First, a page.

not reach Portland until Monday noon.
An east wind accompanied the snow,
which fell steadily for three weeks until
there was five feet of snow on a level all
over Hood Rive vallev. According to
the Oregonian's daily meteorological re
port, on Tuesday, December 23, at The
Dalles, the snow was eight feet deep.
Passenger trains from the East found
the road blocked when they reached
The Dalles, Mondav, the Kith, and were
held there until Thursday, when the
snow plow reported, the track cleared to
' "T'-v-
, , ' -
TO t
One of the early pioneers ol the East Hide of
Jlood River, was born In Randolph county,
Missouri, September 21, 18:ifi. Leaving the old
home April 8, 1857, he came by way of the Isth
mus of Panama to California, where four
years were spent near the town of Ploccrvllie,
Eldorado cqjinty. In company with the lale
William Odell, he left Placerville for Wash
ington, then a territory. Lauding Ht Port
land, Oregon, they met an old friend ot Mr.
Odell's, and by his suggestion they came to
Hood River. This was In 1801. After spend-'
lng a few days looking over the valley, they
bought out the Interest of one Butler, a cooper,
who had located the place now known as the
Roberts ranch In the Odell district. In the
fall of 1862 Mr. Turner went to the old Auburn
mines, In Baker county, and spent a year on
the Auburn Canal Co.'s ditch and In the
mines at Mormon Basin. Returning to Hood
River, he bought the claim of William Moss,
In the Pins Grove neighborhood, where he
lived for 40 vears, or nntll two years ago.when
he sold his farm and moved to the city of
Hood River. Mr. Turner Is, next to Captain
Henry C. Coo, the oldest resident of Hood
River valley. He with his wife are members
of the M. E. church of Hood River. In poll
tics he Is a republican. During the 27 years
We have known Mr. Turner, he has never held
nor songht public office but would have been
an honor to bis part; had It chosen to call on
him to serve In any capacity.
Wyeth. The delayed train then started.
When with four miles of Wyeth a snow
slide completely buried both engines
and partially covered the mail and ex
press car, rendering the train en
tirely helpless. A passenger writing of
the blockade says:
"It continued snowing and blowing
incessantly, and the storm at this time
was little better than a hurricane. The
snow slide occurred about 2 o'clock
Thursday. Conductor Lyons took a
hasty view of the situation and was con
vinced we could, not move from here
until the storm kbattuf. He then started
on foot through a blinding snow and
wind storm for Wyetn, a telegraph sta
tion four miles distant, where he sent a
dispatch to Hood River for provisions.
"Next day a hand-sled arrived from
Hood River with such supplies as could
be transported under such circumstan
ces. We continued to receive supplies
from Hood River and Cascade Locks,
where 30 men under government employ
volunteered to pack in provisions, facing
cutting wind and blinding snow for 11
miles. Some of the party gave out on
the way and had to be assisted in, while
some were considerably frosted. They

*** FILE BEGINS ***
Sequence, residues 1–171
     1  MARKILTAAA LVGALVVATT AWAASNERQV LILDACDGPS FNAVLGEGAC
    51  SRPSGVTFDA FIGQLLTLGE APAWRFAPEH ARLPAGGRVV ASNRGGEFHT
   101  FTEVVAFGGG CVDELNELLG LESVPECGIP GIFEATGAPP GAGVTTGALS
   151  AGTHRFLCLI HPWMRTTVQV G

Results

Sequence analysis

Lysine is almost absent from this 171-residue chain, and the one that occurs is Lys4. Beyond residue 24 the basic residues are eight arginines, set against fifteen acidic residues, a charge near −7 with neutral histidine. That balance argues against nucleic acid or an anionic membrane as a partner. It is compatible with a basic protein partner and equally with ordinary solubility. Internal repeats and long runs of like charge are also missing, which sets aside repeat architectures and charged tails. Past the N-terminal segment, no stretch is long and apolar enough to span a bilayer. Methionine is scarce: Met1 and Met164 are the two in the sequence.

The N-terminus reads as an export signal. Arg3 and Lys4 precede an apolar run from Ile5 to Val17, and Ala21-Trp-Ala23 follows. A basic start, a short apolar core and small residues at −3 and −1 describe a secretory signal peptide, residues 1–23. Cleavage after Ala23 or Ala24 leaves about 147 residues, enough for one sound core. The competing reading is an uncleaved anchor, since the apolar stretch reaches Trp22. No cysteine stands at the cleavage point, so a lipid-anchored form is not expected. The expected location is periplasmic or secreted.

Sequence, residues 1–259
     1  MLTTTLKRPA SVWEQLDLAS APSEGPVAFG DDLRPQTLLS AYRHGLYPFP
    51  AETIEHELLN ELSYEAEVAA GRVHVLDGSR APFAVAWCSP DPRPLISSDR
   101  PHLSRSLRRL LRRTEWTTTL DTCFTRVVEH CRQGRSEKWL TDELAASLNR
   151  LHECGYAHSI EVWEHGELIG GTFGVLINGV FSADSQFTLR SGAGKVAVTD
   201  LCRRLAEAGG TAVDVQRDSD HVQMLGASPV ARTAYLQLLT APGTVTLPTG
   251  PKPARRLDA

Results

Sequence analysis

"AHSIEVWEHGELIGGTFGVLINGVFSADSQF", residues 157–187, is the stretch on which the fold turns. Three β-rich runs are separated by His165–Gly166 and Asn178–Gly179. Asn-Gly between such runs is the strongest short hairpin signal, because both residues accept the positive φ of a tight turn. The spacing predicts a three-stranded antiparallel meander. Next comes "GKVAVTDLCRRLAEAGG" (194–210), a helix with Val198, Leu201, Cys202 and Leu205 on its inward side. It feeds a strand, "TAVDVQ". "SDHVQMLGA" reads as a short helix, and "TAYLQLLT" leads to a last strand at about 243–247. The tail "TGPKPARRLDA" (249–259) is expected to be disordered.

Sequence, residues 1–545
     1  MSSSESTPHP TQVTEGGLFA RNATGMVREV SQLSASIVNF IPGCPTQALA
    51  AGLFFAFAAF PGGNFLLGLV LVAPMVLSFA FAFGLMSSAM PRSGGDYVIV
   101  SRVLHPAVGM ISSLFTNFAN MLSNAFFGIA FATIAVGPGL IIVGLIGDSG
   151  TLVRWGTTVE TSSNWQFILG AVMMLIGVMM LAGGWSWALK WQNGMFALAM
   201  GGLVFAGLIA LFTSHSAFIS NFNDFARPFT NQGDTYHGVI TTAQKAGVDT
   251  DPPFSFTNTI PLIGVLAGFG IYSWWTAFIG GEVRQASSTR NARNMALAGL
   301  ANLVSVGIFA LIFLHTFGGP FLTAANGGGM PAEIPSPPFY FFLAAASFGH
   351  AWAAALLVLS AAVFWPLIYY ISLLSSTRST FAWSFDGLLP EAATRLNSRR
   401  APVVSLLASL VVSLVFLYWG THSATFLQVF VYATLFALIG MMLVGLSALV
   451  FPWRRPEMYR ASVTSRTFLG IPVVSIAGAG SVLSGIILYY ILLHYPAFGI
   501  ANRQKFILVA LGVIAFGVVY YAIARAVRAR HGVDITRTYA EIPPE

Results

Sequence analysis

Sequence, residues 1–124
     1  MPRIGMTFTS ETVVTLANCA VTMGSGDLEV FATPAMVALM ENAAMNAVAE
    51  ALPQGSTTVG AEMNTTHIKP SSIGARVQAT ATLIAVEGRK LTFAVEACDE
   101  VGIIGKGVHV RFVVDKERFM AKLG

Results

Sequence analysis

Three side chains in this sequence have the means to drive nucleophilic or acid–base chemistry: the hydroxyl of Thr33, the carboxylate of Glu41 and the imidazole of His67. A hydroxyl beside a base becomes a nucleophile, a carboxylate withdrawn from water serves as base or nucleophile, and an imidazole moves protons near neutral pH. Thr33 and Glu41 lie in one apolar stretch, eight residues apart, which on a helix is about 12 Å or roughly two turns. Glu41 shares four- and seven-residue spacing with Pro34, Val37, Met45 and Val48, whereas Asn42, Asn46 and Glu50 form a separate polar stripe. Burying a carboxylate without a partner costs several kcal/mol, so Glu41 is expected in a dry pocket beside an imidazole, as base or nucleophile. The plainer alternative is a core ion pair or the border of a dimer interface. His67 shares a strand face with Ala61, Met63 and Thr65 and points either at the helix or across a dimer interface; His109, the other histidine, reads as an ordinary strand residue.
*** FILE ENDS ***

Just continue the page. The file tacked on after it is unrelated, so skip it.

arrived at the train about dark anil
were pitiable looking objets indeed. Up
to this time all had been furnished
with guffieent food to allay any great
hunger or inconvenience of the passen
gers, and none felt like making com
plaint, but submitted gracefully to the
condition of affairs and seemed to vie
with each other in singing, chatting,
card-plaving and visiting from car to
car to while away the time.
"For four days we remained here, the
storm raging all the time without, and
each day seeming morse than the pre
ceding one. It was Monday night after
the supplies had arrived from Cascade
Locks, that Conductor Lyon made his
appearance in our car and with much
feeling announced that he had come to
bid ns good-bye, and that on tomorrow
morning he would expect every able
bodied man to leave the train, as it was
useless to try to feed all here lon;rer.
Then might have been seen croups ol
anxious passengers earntly const iing
at to the best course to pursue, and each
one summing up the probabilities of his
being physically able to stand the trip
of eleven miles to Cascade Lpcks over
(Continued on Page i.,
See them. Wear them.
Appreciate them.
Having bwn appointed Selling Agents for the famous
Hand Made Bradley Logger
We invite those interested to call and examine a
Strictly First Class Shoe
We Guarantee the Price
" and Wearing Qualities
Mattings Linoleums Oil Cloths Carpets Rugs
15c to 50c a yd 00c to $1.50 per yd 35c to 50c per yd 35c to $1.50 a yd 50c to flO
We are showing assortments in these goods that enable the most particular buyer to
select with satisfaction. Repeated assurances of the fact induces us to publish an invi
tation to inspect our stock NOW. Prices are strictly in line with department store salt's
dav figures. The coods can't be bought for less.
STEWART, the Home Furnisher.
Our lines In liullding material, Hardware, Fencing, Netting are ifow arriving, and pricing Is far below any figure of past two years,
x Stoves, Ranges Furniture, Paints, Oils, Glass
Everything for Building and Furnishing the Home
Is now ready for
business. The
machinery is
working nicely,
and is turning
out first-class
work. Prices the
same as Portland
Delivery wagon will call Monday morning and deliver goods on Saturday
Leave orders at Whitehead's cigar store, or phone Laundry, Main 401.
Without question the most beautiful residence
location in the city. High and sightly, no mud
no dust. Supplied with the purest spring water.
You are cordially invited to come up and inves
tigate, see the water plant, enjoy the fine view
and have a good, drink. No trouble to show
lots: Always at home. Now is your chance.
We can y a complete aloclr of W. hmllh Qrulibing Machines, wire cable, rope shortners, blocks, root hooks, etc., fur wlilcli
e are general agents for Oregon and Washington, Write for catalogue.
ONLY exclusive Hardware Store in